The past couple of years have been a rollercoaster for fashion brands. The supply chain disruptions of 2021 have left many traders scrambling to get enough on hand and then overbuying to compensate. But now, with the economic downturn and the threat of cost-cutting, many companies are stockpiling mountains of supplies they can’t replace in the wake of the pandemic.
In fact, according to a recent survey by Inventory Planner, 44% of fashion retailers have excess items they are desperate to unload, accounting for 20% of their total inventory. The poll also found that one in four fashion stores globally wrote off excess stock as a loss last year, charging higher costs to the business.
The dangers of sitting on furniture for long periods of time are obvious. Target has seen its shares fall after taking a price cut to clear unsold inventory. And British brands Made.com and Joules both recently went into administration after massive mis-timed acquisitions.
Abundant inventory is a particular challenge for fashion retailers because products tend to depreciate after a short period of time and seasonally influenced items may quickly go out of fashion or become overstocked. Excess stock means businesses have less room in their warehouses for new stock, and less money to buy new goods and jump on new trends.
How do brands deal with accounting issues?
As demand waned, American and British department store chains stockpiled so much inventory that brands began offering major discounts, especially on clothing. However, these methods hurt the bottom line, with more than half of retailers admitting that it would be difficult to write off markdowns, markdowns or excess stock.
According to Taylor Shupp, who co-founded sock brand Stance and now runs apparel company Fuststitch, companies are starting to look at different measures of success: “Gross margin used to be the most important metric, but recently, it feels like inventory is the most important metric.” ” said Shupe.
Contribution margin, or a measure of the profitability of products held in each inventory, is becoming critical, Shupp said. As the economic crisis worsens, cutting inventory is a critical strategic move for all brands.
But not all brands are simply reducing order sizes. While sunk costs mean less inventory is better, brands with conflicting supply chains and delayed shipments are looking for other solutions to maximize cash flow.
Danielle Malkonian, CEO of plus-size clothing brand Vicky V, says the fear of overbuying was a key factor in revamping the business’s own inventory plan three years ago. “To scale online, you have to sell the same thing to a lot of people and go deeper into your inventory level,” Malkonian says. This is dangerous,” he said. “As a retailer it’s scary to overbuy – you can go out of business these days. Cash flow is everything. If dollars are tied up in inventory that you can’t sell, you’re either going to get out and make more money somehow, or you’re going to have to discount to survive.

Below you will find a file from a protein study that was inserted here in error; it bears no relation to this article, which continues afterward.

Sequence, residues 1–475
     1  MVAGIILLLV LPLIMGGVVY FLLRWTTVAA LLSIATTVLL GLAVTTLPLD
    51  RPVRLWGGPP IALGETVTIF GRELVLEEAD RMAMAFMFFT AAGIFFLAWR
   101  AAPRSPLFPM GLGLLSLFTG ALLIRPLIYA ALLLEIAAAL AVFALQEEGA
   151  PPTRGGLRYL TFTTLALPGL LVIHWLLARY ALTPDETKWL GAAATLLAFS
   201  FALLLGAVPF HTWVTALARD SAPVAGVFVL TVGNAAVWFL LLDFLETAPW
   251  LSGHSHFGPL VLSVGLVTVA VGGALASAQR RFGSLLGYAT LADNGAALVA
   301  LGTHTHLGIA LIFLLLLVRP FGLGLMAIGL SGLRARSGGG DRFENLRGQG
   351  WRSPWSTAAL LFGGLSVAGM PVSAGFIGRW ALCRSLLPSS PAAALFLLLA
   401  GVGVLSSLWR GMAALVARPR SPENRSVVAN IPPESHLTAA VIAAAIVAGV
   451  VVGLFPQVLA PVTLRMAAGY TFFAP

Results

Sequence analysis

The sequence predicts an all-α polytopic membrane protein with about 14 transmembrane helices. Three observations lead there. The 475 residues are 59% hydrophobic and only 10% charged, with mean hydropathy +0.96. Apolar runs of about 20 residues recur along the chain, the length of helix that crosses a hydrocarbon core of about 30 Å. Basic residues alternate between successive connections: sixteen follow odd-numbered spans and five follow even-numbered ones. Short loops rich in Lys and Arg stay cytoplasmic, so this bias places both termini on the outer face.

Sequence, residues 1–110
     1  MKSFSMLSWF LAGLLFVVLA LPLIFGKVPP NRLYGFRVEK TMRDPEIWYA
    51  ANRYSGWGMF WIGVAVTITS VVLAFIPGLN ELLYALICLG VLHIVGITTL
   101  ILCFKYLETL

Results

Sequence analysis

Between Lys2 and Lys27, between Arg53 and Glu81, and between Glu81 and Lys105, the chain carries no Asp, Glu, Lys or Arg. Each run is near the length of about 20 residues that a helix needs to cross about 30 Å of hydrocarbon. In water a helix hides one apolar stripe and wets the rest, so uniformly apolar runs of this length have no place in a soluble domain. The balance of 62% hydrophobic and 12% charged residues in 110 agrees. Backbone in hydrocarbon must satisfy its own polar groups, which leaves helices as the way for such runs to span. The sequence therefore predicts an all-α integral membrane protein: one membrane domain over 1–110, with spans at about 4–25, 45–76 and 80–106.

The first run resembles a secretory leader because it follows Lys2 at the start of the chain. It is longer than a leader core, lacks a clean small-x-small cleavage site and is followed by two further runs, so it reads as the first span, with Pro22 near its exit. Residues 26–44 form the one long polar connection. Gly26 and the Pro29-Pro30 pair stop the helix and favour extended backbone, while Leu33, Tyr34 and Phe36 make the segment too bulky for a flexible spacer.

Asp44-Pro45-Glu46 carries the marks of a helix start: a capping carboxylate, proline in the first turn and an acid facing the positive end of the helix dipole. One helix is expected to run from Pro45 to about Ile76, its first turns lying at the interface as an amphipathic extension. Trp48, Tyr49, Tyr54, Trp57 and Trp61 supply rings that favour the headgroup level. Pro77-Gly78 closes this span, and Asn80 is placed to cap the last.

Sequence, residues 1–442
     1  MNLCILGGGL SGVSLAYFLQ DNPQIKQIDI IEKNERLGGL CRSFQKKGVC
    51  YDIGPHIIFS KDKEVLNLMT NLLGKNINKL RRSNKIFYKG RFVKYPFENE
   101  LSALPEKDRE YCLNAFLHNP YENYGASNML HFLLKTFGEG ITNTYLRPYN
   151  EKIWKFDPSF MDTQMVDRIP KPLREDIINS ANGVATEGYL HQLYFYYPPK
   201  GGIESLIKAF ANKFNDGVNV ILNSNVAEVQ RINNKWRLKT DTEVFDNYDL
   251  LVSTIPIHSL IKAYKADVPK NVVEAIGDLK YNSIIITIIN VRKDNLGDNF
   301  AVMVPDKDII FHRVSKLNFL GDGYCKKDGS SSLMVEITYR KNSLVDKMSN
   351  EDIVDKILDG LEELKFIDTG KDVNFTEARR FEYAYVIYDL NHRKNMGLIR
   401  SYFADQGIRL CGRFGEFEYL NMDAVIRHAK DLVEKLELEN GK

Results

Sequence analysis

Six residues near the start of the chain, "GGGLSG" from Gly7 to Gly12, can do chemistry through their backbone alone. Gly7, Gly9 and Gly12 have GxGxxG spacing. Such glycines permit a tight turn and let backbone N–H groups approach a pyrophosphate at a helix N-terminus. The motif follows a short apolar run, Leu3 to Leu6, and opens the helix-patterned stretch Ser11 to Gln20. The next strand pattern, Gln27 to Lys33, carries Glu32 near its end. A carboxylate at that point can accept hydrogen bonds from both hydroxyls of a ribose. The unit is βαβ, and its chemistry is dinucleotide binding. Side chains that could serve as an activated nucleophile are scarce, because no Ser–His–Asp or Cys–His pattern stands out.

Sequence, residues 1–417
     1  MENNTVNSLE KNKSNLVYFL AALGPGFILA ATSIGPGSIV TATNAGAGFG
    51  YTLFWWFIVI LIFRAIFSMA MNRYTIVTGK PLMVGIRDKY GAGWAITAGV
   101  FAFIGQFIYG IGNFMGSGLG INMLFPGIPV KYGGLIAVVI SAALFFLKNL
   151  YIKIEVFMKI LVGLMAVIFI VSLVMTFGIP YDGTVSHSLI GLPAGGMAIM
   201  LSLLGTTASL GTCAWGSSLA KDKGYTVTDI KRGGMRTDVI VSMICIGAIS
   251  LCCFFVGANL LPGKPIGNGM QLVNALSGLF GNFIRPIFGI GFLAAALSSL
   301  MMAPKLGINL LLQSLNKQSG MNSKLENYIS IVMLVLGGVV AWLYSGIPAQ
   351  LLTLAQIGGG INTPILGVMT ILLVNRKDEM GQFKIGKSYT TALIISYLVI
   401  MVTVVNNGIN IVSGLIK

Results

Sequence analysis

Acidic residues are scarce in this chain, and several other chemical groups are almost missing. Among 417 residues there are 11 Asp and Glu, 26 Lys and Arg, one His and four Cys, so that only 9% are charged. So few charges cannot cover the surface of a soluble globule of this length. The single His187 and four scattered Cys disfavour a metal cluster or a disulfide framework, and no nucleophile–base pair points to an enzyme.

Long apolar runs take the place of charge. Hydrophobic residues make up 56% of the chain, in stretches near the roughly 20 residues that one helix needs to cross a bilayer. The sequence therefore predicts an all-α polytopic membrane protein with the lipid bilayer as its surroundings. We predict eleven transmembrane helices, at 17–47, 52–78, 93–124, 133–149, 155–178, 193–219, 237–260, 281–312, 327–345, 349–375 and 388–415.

Malkonian is incorporating the idea of keeping top-selling products and focusing on low-selling items within the group, essentially following the 80/20 rule, where 80% of your sales come from 20% of your products.
The Malkonia team uses inventory planning technology to easily identify their best sellers and receive detailed inventory insights so they can accurately fill plus size clothing down to color, style, size and other variations. It has a high sales potential, which reduces the risk.
In a bull market, expanding into new categories and expanding the scope of your territory are good ideas to take advantage of high demand. But a recession calls for a different strategy.
All traders – especially those in apparel – need to do what works and contribute to profits and take a holistic approach to analyzing data on a daily and weekly basis. When we talk to retailers, we tell them to get serious about cleaning up what isn’t working and making sure every dollar in inventory is working.
The risk of sitting on too many items is very real. Apparel retailers can quickly look at their workspace and look for solutions that don’t need them, so they can easily identify what needs to be cleaned to free up money. Make no mistake, cash is king, and now it’s more critical to a retailer’s survival than ever.
Mark Hook has 12 years of experience leading global PR, branding and communications strategy for major brands. His background is diverse, having worked in senior agency and in-house positions across sectors including B2B, technology, consumer and health. An expert in using storytelling to build a brand, Hook has built a stellar reputation as one of the top storytellers in SaaS and eCommerce. He currently serves as VP of Global Brand, PR and Comms Inventory Planner by Sage.